- So it seems to me that the burden of proof is still on those who say that aner could lose its male meaning. Before I would agree that aner can sometimes mean "person," I would hope to see some unambiguous examples from the Bible or from other ancient literature. This kind of evidence is simply what is required in all lexicography, especially concerning such a common word. Unless such examples are forthcoming, it seems unjustified to translate aner as "person" or the plural form andres as "people."
And even if someone produces some unambiguous examples that aner can mean "person" without implying a male person (as there are many unambiguous examples with anthropos), this would still be an uncommon sense, not the "default" sense that readers assume without contextual specification. And even in such cases the male-oriented connotation or overtone would probably still attach (with the sense that the people referred to are mostly or primarily male).
But until substantial evidence in that regard is found, we cannot agree with the procedure of systematically changing many NT examples of aner to "person" or "persons." What seems to be driving the decision at this point is not the preponderance of evidence but an attempt to eliminate male-oriented meaning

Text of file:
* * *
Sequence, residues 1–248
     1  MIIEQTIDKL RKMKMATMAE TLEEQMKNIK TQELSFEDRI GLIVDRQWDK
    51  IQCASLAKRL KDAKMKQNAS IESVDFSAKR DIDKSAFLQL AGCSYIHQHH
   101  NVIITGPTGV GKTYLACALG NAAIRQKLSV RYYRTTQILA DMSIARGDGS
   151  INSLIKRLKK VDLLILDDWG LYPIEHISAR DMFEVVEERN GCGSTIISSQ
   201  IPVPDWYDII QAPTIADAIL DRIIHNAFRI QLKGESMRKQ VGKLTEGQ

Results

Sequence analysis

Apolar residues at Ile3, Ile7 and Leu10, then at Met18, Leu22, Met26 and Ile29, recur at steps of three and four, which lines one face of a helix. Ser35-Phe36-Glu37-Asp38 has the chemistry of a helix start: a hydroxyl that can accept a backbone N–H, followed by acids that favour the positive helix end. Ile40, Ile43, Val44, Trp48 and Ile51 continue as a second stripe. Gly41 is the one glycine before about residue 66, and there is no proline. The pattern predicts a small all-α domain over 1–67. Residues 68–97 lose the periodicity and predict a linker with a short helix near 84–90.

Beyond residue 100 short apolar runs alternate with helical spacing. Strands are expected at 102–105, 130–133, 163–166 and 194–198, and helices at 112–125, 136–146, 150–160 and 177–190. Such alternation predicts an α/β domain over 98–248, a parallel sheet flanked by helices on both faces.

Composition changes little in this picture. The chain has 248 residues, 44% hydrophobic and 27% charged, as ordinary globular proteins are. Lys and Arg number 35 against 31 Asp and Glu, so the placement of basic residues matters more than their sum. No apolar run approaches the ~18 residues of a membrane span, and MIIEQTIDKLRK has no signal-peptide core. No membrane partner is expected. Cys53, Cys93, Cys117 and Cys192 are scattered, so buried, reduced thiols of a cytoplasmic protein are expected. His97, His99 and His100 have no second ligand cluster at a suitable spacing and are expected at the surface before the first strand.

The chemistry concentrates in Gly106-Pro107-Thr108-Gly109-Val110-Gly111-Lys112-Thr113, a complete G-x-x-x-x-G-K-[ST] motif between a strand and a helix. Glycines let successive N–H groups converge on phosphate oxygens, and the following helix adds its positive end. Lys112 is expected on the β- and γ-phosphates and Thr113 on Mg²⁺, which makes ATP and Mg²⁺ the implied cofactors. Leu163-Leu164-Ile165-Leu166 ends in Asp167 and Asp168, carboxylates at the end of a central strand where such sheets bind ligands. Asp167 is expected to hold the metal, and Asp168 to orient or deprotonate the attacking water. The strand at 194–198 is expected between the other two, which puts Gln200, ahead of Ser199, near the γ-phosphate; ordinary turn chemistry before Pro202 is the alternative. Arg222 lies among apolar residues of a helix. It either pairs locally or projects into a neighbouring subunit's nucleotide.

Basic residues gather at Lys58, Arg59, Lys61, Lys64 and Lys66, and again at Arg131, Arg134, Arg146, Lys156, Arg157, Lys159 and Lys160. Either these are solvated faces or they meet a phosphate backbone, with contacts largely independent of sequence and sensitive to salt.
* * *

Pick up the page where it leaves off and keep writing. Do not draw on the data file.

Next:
At first, CBMW linked to it but eventually removed that webpage. I have Grudem's email (April 11, 2007) in response to an earlier interaction on aner, so he is aware that there is a gender neutral meaning in the LSJ lexicon.
ποτὲ ἀνὴρ ἀγαθὸς γίγνοιτ' ἄν,
τὴν ἀνθρώπῳ προσήκουσαν ἀρετὴν τῆς ψυχῆς ἔχων .... ,
εἴτε ἄρρην τις των συνοικούντων
οὖσα ἡ φύσις εἴτε θήλεια, νέων ἢ γερόντων
… in which a member of our community--
be he of the male or female sex, young or old,--
may become a good citizen, possessed of the excellence of soul
which belongs to man. Plato's Laws 6. 770d.
How should one go about confronting a Christian organization that behaves in this way. The views of the CBMW have caused considerable pain to many people. There is both the statement against the TNIV and the persistent teaching on the rulership of the husband.